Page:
BBD#38 is hosted by Cinzia of Cindystar. She chose No-Knead Bread as the theme for Bread Baking Day #38. I like to make no knead breads because the dough can be prepared in advance and left in the refrigerator to ferment. No knead dough ferments for a longer period of time in order to develop the gluten. This longer fermentation process allows you to do a lot of the work ahead of time. Basically all you need to do on bake day (depending on the recipe) is to shape the dough, put it in the pan, let it rise, then bake it.
My submission to bread baking day this month is Roasted Garlic and Parmesan Pot Bread. The dough ferments for about two days and is baked in a preheated Dutch oven or heavy metal pot. It is infused with a paste of roasted garlic and parmesan cheese. It goes well with Mediterranean-style meals. Deliciousness!
Roasted Garlic and Parmesan Pot Bread
Recipe from Kneadlessly Simple by Nancy Baggett
Makes: 1 large loaf
- 1 large head garlic
- 1 tablespoon good-quality olive oil, plus more for brushing dough
- 1/4 cup freshly grated cheese, plus 2 tablespoons for garnish
- 4 cups (20 ounces) unbleached all-purpose white flour or white bread flour, plus more as needed
- Scant 2 teaspoons table salt
- 1 1/4 teaspoons instant, fast-rising, or bread machine yeast
- 2 cups plus 2 tablespoons ice water, plus more if needed
Making the roasted garlic and parmesan paste: You can do this part a few days ahead of time and refrigerate it. Just let it warm up to room temperature slightly before using. I did this part the night before I planned to start the bread.
Peel and discard the papery skin from the garlic but leave the cloves in tact. Leave the pajamas on as Jeffrey Hamelman puts it. Cut across the pointed tops of the cloves to expose the flesh inside; discard the cut-off portion. Put 1 tablespoon of olive oil in a small ovenproof custard cup or small bowl. Dip the cut side of the garlic into the oil to coat the cloves, then turn the head cut-side up and set in the cup.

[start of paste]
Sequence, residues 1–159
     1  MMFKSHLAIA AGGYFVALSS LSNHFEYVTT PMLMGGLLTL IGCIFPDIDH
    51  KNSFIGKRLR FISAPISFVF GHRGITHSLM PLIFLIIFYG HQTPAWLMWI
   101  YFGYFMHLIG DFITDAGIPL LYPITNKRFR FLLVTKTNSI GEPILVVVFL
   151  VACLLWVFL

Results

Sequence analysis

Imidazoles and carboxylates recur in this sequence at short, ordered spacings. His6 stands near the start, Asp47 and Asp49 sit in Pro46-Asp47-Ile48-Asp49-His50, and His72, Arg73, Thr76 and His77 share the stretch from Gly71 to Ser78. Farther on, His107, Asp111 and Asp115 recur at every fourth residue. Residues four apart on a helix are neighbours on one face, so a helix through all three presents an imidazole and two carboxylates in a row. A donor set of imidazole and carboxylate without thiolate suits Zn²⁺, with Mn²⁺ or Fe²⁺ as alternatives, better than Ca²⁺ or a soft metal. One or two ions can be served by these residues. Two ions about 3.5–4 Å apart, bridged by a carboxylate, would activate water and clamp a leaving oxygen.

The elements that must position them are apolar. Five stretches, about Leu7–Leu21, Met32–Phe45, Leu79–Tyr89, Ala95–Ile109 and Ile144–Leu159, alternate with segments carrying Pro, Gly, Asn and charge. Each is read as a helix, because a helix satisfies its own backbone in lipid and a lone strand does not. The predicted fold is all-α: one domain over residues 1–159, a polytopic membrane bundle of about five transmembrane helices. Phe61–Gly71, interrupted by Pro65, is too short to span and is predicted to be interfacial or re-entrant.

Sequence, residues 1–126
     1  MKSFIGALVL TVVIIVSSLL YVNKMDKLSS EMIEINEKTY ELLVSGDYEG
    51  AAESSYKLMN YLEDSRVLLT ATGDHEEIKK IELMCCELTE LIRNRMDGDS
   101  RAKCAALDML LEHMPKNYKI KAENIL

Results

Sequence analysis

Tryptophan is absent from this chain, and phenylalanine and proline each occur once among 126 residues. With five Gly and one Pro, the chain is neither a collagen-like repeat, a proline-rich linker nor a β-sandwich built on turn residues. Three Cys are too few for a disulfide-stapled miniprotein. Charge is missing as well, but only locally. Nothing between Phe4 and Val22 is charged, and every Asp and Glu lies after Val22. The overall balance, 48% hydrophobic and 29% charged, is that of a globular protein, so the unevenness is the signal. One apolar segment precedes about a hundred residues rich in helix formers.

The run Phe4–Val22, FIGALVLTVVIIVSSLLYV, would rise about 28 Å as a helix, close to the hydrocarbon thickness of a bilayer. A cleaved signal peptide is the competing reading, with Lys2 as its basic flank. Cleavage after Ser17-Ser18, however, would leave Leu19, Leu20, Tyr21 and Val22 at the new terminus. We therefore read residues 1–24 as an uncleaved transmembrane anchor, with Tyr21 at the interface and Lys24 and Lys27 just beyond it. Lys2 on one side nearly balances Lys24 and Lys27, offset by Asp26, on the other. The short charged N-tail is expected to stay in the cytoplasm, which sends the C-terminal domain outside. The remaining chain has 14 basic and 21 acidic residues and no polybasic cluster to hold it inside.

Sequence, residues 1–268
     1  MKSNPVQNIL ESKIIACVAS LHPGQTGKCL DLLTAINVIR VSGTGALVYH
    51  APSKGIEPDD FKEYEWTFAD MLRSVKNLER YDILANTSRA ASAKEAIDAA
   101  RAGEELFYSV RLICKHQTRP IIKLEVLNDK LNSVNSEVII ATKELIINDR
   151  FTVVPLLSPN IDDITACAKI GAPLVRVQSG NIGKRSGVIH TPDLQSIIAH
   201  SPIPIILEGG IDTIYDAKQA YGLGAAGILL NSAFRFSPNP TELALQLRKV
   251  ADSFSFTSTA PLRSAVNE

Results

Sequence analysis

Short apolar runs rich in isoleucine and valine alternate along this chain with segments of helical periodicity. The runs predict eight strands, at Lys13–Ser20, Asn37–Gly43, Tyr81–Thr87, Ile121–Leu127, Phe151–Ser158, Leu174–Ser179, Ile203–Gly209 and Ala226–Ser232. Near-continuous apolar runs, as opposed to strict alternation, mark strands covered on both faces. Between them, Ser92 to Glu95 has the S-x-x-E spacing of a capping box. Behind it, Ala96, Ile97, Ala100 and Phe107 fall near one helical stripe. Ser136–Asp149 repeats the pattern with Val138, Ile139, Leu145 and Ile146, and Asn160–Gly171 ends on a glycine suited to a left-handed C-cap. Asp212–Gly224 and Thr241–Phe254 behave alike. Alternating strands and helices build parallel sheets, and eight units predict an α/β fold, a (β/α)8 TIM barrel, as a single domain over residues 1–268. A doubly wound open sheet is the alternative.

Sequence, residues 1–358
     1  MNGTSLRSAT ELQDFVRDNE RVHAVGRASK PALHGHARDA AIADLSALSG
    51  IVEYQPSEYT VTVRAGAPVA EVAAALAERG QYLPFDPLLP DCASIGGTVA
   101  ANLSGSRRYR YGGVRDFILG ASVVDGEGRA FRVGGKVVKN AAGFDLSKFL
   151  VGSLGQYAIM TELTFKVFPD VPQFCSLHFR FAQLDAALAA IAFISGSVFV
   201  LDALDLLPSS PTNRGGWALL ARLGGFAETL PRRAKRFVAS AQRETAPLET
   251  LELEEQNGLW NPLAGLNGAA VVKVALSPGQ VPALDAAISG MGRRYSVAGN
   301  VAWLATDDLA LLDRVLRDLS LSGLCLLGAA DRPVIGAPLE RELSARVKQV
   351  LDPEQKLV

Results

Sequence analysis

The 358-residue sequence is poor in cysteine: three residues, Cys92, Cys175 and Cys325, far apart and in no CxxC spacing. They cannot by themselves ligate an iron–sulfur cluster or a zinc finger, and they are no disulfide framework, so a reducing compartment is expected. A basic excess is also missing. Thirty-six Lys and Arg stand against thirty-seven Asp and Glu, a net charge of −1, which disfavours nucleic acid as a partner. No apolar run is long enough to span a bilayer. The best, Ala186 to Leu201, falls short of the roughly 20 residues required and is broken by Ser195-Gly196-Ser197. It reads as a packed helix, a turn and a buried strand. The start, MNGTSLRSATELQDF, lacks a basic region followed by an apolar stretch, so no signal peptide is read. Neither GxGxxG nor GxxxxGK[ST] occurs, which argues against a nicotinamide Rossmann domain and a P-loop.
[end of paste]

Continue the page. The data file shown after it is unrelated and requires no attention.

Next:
Cover the cup with foil. Bake in a preheated 350 degrees F. oven for 35 to 45 minutes, or until the garlic is very soft and fragrant.
Let cool, then squeeze or scrape out the garlic from the cloves into a medium bowl.
Add 1/4 cup of Parmesan and thoroughly mash with a fork until the mixture forms a paste.
First Rise: I started this process at about 6:00 pm on 3/10.
In a large bowl, thoroughly stir together the flour, salt, and yeast.
Vigorously stir the water and the garlic mixture into the bowl, scraping down the sides and mixing until the ingredients are thoroughly blended.
If the mixture is too dry to incorporate all the flour, a bit at a time, stir in just enough more water to blend the ingredients; don’t over moisten, as the dough should be very stiff. If necessary, stir in more flour to stiffen it.
Brush or spray the top with olive oil. Cover the bowl with plastic wrap.
For best flavor or for convenience, refrigerate the dough for 3 to 10 hours. Then let it rise at cool room temperature for 12 to 18 hours. If possible, vigorously stir the dough once partway through the rise. I put the dough in the refrigerator for a few hours, then I let it sit on the counter for 18 hours.